Jersey City Mayor Steven Fulop, Hudson County Executive Tom DeGise, and U.S. Senator Bob Menendez (D-NJ) are in all in favor of a Marion Street PATH Station in Jersey City, as shown through separate letters written to the Port Authority of New York and New Jersey.
By John Heinis/Hudson County View
“In understanding the economic impacts resulting from the pandemic, we will look to the developers to fully fund the construction of a two-platform, ten car above-ground station, with minor modifications to existing tracks previously constructed in anticipation of this extension,” Fulop said in his February 1st letter to Peter Simon, the chief of staff to PANYNJ Chair Kevin O’Toole.
“As discussed in recent years with the developers involved, we are confident that the proposed development in the area will pay for the necessary capital improvements … The Marion PATH Station would provide a critical juncture to tens of thousands of our residents and commuters to complement and extend Jersey City’s existing public transit infrastructure while filling the gaps in areas that need it most.”
In March 2018, the Port Authority commissioners agreed to settle a $400 million
lawsuit brought against the PANYNJ by Jersey City.
As part of this settlement, the PANYNJ agreed to conduct a feasibility study to examine building a new PATH station in the Marion neighborhood of Jersey City.
While the PANYNJ at one point pegged the costs at approximately $327 million, a December report from Hatch Associates Consultants says the costs related to physical infrastructure for the station and platform can be completed for $14,942,400.
Fulop told HCV that the city believes the project can be completed for well under $50 million.
“I understand that there are engineering challenges associated with this project, but
if these technical challenges are overcome and sufficient capital becomes available, the presence of a Marion PATH station would benefit the residents of the neighborhood,” Menendez wrote in his March 30th letter to PANYNJ Chair Kevin O’Toole and Executive Director Rick Cotton.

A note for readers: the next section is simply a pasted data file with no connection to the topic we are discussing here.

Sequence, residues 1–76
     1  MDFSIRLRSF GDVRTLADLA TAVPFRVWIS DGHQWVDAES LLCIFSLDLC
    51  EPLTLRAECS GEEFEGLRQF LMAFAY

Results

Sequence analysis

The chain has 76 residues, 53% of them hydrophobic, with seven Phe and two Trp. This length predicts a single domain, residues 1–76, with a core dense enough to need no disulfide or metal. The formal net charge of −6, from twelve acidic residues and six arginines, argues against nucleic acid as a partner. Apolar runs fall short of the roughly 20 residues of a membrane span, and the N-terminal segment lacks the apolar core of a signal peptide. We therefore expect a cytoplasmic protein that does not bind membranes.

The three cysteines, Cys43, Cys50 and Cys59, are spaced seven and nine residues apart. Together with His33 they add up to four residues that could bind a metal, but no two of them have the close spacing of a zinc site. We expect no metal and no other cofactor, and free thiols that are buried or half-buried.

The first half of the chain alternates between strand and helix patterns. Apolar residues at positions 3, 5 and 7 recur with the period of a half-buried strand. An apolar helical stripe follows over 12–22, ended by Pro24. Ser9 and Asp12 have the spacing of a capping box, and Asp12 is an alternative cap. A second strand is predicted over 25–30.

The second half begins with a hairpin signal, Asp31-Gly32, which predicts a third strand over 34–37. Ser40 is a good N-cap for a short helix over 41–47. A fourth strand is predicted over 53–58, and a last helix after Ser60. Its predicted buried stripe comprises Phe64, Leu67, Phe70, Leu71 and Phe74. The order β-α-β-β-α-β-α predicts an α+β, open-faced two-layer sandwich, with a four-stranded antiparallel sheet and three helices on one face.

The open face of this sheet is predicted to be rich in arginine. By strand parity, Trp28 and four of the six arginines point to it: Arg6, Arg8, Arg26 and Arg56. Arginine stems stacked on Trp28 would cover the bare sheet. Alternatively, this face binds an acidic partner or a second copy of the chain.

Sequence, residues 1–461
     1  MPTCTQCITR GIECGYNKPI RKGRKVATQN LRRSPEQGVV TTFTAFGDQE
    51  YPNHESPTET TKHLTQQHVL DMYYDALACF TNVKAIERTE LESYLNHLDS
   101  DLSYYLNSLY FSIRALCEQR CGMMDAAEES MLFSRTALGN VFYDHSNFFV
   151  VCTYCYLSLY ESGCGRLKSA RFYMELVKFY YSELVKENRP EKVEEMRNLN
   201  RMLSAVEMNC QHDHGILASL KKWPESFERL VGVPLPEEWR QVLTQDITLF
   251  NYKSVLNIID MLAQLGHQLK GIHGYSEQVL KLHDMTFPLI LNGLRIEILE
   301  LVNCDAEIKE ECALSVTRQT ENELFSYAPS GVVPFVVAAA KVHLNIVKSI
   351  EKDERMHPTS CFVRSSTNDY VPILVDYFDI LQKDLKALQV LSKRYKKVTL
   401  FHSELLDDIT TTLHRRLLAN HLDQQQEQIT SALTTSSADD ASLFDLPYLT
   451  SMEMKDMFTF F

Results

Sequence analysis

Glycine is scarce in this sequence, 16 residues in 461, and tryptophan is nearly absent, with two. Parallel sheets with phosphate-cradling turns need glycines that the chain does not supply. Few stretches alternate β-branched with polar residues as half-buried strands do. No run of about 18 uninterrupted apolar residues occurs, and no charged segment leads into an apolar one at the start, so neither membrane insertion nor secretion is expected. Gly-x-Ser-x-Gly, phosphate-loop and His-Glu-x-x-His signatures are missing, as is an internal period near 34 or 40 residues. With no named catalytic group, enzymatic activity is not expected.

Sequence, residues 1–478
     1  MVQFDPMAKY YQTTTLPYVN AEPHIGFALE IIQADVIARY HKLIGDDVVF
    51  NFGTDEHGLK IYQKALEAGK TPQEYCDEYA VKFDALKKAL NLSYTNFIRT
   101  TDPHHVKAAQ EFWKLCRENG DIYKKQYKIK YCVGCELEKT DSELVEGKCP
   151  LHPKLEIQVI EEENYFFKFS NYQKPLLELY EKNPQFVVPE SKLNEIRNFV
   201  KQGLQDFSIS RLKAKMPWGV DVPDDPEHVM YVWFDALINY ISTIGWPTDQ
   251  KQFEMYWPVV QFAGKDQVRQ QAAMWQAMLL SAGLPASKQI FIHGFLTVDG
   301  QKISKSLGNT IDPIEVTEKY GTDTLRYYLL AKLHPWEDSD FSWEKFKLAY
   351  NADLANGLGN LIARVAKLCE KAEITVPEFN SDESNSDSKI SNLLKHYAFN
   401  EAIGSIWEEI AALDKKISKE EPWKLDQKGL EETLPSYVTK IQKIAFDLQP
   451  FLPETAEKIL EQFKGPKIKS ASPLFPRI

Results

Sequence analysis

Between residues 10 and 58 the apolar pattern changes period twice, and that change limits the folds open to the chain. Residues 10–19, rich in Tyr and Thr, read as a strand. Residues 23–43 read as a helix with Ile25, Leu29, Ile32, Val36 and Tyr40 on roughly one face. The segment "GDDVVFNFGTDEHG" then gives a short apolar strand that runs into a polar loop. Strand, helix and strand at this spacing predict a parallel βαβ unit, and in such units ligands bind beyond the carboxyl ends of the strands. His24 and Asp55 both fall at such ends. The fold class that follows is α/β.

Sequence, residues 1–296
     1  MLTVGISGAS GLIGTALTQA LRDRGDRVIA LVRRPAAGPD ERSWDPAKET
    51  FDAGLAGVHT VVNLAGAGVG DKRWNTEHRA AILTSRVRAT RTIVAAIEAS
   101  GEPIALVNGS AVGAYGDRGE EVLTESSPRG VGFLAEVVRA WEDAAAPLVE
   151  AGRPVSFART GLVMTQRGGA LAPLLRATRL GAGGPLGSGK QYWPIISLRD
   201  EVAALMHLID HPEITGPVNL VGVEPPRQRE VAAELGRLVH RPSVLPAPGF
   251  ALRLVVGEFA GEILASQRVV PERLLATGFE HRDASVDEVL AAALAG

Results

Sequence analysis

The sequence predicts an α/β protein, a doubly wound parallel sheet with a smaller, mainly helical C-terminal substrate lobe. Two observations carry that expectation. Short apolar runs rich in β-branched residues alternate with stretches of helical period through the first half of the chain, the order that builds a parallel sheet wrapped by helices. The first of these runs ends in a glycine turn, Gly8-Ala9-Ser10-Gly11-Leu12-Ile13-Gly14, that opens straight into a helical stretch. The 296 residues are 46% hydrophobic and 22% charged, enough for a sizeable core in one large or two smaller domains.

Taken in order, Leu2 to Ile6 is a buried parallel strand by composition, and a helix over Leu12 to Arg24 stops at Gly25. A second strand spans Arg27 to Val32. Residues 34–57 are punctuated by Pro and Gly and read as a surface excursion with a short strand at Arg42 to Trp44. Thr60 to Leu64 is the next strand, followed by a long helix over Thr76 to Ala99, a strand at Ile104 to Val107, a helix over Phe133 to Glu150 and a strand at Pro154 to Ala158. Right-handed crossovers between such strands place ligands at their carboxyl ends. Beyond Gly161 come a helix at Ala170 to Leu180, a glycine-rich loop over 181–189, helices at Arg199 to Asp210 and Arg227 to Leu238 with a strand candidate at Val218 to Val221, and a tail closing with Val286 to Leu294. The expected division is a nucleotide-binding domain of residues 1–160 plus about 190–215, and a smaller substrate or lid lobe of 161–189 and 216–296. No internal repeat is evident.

“The addition of a PATH station in the Marion section would provide more access to these residents, as well as to schools and employment. This project would also reduce pedestrian commute time, especially as the city is expected to see a 28% increase in population by 2030.”
He continued that 26.3 percent of households in that neighborhood do not own a car, so alternative forms of transportation are needed.
His son, Rob Menendez, is an 8th District congressional candidate who was appointed to the Port Authority Board of Commissioners last year.
DeGise touched on some points similar to what Bob Menendez did before noting that huge growth is coming to the western part of Jersey City in an undated letter to O’Toole and Cotton.
“In 2021 alone, nearly 1800 new units are scheduled to come online in Journal Square, with another 13,000 already approved in the pipeline. This combined with the additional traffic created by a renovated Lowes Theater, iconic Pompidou Center, and the expanded county presence in the new Frank J. Guarini Justice Complex, will put the already busy Journal Square PATH stop under incredible strain,” he wrote.
“Combining these factors with the reality of climate change, the Port’s committed to their own carbon footprint and the increased onset of flooding, makes the development of a PATH stop for the Marion neighborhood even more critical. Marion has been identified as a future flood zone.”
The January 2020 feasibility report by Hatch reviewed two sites: the Mana development site at 888 Newark Ave. and the Lanterra Development site at 1072 and 1075 West Side Ave.
“Hatch examined two options for locating the proposed PATH station and platform. The first
option, Option A, seeks to minimize property impacts on Fayette Avenue (located to the south of the ROW). The second option, Option B, expands the ROW into Fayette Avenue in order to minimize impacts to the Waldo Running Track,” the 22-page report says.
“Both options incorporate a station platform capable of accommodating a 10-car PATH train (20 feet by 663 feet). Further analysis will be required on both options in order to understand impacts on signals and communication equipment, site drainage, and additional operational considerations.”